With Kirk Gibson's leg still on ice, and now Mike Marshall suffering from pain in his lower back, Tommy Lasorda fielded a Country & Western outfit in Game 4 of the World Series Wednesday night.

That's right, banjo hitters. Take away the combined 45 home runs Gibson and Marshall gave the Dodgers in 1988, and what was left was a lineup that hit a combined total of 36 home runs all season.To fully appreciate the significance of this, it must be understood that those 36 home runs were six fewer than Jose Canseco hit for the Oakland Athletics in 1988. Lasorda's C&W outfit Wednesday night included two players (Mickey Hatcher, Alfredo Griffin) who hit only one home run all season, and one (Danny Heep) who didn't hit any.

Yet the Dodgers won Wednesday. And the Dodgers won Thursday, using the resiliency of Orel Hershiser to claim their first World Series championship since 1981.

La-La is understandably going ga-ga over all this. In the last five months, the city has landed the National Basketball Association championship (Lakers), the world's greatest hockey player (Wayne Gretzky) and now, somehow, a World Series championship with those banjo hitters over at Chavez Ravine.

How'd they do it? Pitching is the easy answer. Hershiser, the Series MVP, won both his starts, allowing two runs and seven hits in 18 innings. Jay Howell rebounded from the home run he served up to Mark McGwire that ended Game 3, shutting down the A's to end Game 4. When Tim Belcher failed in Game 1, the Dodgers' bullpen contributed seven shutout innings. And Belcher himself rebounded, winning Game 4.

But to simply dismiss the 1988 World Series as a case in which good pitching outclassed good hitting is too easy. The Boston Red Sox threw Roger Clemens and Bruce Hurst, two great pitchers, at the A's in the American League Championship Series, and they couldn't win.

The Dodgers apparently had something more than great pitching. It turns out they had great scouting.

"When you play a team in your league 12 or 18 times during the season, it's a lot easier to pick up tendencies," Belcher said. "But when you go into the World Series, and there's a new team there, you have to have some direction.

"In a best-of-seven series, your advance scouting becomes that much more important," Belcher said.

In a sense, both teams were loaded with amateur scouts who were familiar with the opposition. Belcher is a former member of the A's, as are Howell, Griffin and Mike Davis. And the Oakland roster included three players - Rick Honeycutt, Bob Welch and Dave Stewart - who once played for the Dodgers.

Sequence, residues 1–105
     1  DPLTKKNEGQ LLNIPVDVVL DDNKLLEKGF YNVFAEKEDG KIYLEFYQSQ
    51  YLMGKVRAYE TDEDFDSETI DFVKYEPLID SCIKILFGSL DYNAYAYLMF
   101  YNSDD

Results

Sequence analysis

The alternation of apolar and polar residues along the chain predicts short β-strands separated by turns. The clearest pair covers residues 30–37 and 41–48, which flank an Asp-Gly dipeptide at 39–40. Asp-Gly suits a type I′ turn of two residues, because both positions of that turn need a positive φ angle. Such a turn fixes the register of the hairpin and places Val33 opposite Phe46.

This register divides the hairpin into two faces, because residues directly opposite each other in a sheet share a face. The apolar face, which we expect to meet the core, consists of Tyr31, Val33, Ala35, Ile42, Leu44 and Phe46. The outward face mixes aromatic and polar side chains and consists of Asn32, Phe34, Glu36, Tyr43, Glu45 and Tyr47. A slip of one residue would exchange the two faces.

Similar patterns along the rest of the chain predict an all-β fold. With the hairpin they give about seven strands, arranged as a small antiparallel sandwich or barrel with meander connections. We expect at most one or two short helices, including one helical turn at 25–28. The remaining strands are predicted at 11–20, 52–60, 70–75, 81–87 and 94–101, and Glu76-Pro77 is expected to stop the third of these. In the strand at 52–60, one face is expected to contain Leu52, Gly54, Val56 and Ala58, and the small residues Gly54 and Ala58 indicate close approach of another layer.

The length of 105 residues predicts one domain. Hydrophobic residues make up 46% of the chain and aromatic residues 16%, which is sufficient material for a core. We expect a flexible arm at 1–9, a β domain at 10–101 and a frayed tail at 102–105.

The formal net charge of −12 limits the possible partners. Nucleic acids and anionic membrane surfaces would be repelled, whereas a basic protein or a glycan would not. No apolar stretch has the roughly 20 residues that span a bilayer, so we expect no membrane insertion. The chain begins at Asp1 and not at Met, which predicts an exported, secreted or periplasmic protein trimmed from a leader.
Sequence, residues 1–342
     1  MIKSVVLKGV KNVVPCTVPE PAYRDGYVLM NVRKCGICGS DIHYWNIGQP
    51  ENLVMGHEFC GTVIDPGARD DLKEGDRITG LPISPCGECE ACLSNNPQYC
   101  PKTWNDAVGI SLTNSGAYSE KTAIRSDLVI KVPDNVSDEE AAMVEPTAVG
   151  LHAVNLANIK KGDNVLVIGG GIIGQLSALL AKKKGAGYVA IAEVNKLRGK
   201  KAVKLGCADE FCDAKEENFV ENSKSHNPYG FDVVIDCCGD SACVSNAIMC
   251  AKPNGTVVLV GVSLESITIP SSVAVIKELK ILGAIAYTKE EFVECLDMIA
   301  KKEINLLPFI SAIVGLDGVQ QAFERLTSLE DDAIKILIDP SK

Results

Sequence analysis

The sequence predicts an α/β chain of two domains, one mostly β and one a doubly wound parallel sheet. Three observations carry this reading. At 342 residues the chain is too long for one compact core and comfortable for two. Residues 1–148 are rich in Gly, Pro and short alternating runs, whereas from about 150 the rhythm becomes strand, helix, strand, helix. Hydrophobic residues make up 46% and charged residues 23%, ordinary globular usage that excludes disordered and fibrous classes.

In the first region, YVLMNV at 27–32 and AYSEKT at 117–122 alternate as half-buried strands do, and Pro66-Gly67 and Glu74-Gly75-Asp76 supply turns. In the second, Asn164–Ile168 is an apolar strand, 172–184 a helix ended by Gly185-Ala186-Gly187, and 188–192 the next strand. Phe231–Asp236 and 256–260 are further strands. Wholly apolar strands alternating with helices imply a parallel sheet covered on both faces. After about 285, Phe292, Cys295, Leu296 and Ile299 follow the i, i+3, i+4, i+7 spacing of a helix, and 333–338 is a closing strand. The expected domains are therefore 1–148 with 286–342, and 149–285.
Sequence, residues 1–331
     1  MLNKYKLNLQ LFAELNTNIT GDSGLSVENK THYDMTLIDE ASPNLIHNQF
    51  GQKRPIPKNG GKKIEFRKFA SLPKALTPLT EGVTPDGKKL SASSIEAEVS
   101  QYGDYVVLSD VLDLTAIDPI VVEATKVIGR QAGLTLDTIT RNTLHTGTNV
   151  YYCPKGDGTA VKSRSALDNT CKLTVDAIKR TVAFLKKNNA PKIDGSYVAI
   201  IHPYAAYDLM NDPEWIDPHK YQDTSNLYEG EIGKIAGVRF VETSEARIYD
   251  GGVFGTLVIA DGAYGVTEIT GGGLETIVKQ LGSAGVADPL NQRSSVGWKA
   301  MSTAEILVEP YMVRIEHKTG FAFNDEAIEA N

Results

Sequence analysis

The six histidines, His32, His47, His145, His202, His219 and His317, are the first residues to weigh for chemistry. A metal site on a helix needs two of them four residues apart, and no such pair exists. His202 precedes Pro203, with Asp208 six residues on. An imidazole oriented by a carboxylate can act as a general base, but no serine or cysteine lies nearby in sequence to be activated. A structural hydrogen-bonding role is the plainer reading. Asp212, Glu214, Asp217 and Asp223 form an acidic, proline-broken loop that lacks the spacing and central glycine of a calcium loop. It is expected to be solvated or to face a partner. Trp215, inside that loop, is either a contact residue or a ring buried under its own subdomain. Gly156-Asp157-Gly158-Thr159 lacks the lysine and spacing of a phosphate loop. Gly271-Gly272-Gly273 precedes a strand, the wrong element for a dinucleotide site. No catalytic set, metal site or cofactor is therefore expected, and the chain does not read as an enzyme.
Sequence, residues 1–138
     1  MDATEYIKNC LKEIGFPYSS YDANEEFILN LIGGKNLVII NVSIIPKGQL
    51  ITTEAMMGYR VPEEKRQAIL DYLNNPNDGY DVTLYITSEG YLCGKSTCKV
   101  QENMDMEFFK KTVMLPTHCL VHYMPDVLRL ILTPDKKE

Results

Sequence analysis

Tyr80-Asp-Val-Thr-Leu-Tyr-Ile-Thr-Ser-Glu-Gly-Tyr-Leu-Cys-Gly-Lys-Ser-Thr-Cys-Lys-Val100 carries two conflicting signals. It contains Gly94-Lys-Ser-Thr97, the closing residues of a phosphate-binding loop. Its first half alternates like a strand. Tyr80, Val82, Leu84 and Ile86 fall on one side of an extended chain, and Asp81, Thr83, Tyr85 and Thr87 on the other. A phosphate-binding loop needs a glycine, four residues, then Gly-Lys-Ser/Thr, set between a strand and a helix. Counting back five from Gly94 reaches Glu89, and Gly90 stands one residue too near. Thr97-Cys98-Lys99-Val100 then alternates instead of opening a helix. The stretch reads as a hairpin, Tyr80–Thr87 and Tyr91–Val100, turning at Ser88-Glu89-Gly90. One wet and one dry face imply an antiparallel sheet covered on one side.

But the Dodgers' real scouts - Steve Boros, Phil Regan, Jerry Stephenson, Mel Didier - provided vital information, information that helped Dodgers pitching limit the Athletics to a .177 average and 11 runs in the five games. Boros, a former manager of the A's, and Regan, a former pitching coach with the Seattle Mariners, were particularly instrumental. So was Didier, who, with Boros, concentrated on the American League in 1988.

"Our basic philosophy was to key on Canseco and McGwire, obviously," Boros told the Oakland Tribune. "But you have to be extremely careful not to take anyone else in that lineup for granted. They're all pretty good hitters, and it's the other guys who set the table for the big guys."

Armed with good information, Dodgers pitching made few mistakes. "Jay (Howell) made one mistake in the ninth inning Wednesday (in Game 4). It was a hanging curve, and Canseco fouled it back before striking out. And McGwire's homer (off Howell) came on a mistake."

Canseco had only one hit in the Series, a home run. McGwire had only one hit, a home run. Combined, they were 2 for 36. And in the clinching fifth game of the Series, Hershiser held the beef of the A's lineup - Canseco, McGwire, Dave Parker, Dave Henderson - hitless in 14 at-bats.

"I think," Dodgers General Manager Fred Claire said, "that this team has established itself in baseball history. It will go down as one of the great storybook seasons all the way to the finish. We overcame injuries and beat two great teams."

Said second baseman Steve Sax, "Everyone will have to respect us now. We may not be a power team, but we sure are a winning team."